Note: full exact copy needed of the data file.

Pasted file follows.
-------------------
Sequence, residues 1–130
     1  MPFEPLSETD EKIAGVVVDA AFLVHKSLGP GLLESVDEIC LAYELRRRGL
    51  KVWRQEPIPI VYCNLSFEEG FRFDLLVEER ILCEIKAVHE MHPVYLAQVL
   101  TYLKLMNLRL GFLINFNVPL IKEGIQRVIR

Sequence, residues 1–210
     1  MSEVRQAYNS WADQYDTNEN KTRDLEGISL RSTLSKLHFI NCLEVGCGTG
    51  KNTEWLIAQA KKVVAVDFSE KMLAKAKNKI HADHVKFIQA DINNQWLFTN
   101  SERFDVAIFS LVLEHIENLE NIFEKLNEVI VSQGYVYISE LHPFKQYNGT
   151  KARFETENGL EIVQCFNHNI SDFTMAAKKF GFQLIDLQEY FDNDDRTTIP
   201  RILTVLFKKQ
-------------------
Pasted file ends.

Sequence, residues 1–130
     1  MPFEPLSETD EKIAGVVVDA AFLVHKSLGP GLLESVDEIC LAYELRRRGL
    51  KVWRQEPIPI VYCNLSFEEG FRFDLLVEER ILCEIKAVHE MHPVYLAQVL
   101  TYLKLMNLRL GFLINFNVPL IKEGIQRVIR

Sequence, residues 1–210
     1  MSEVRQAYNS WADQYDTNEN KTRDLEGISL RSTLSKLHFI NCLEVGCGTG
    51  KNTEWLIAQA KKVVAVDFSE KMLAKAKNKI HADHVKFIQA DINNQWLFTN
   101  SERFDVAIFS LVLEHIENLE NIFEKLNEVI VSQGYVYISE LHPFKQYNGT
   151  KARFETENGL EIVQCFNHNI SDFTMAAKKF GFQLIDLQEY FDNDDRTTIP
   201  RILTVLFKKQ